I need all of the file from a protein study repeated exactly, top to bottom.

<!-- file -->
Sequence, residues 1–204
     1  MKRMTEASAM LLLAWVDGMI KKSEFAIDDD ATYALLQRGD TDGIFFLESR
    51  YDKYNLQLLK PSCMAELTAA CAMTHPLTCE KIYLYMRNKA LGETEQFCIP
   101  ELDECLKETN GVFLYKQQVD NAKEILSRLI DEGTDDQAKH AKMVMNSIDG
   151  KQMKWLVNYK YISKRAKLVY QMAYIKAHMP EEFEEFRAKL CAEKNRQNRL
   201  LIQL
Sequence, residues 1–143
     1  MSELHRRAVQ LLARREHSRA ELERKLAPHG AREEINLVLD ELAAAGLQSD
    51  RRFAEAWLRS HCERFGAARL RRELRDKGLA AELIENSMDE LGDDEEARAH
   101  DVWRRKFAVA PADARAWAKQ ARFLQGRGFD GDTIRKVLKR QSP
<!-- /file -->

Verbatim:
Sequence, residues 1–204
     1  MKRMTEASAM LLLAWVDGMI KKSEFAIDDD ATYALLQRGD TDGIFFLESR
    51  YDKYNLQLLK PSCMAELTAA CAMTHPLTCE KIYLYMRNKA LGETEQFCIP
   101  ELDECLKETN GVFLYKQQVD NAKEILSRLI DEGTDDQAKH AKMVMNSIDG
   151  KQMKWLVNYK YISKRAKLVY QMAYIKAHMP EEFEEFRAKL CAEKNRQNRL
   201  LIQL
Sequence, residues 1–143
     1  MSELHRRAVQ LLARREHSRA ELERKLAPHG AREEINLVLD ELAAAGLQSD
    51  RRFAEAWLRS HCERFGAARL RRELRDKGLA AELIENSMDE LGDDEEARAH
   101  DVWRRKFAVA PADARAWAKQ ARFLQGRGFD GDTIRKVLKR QSP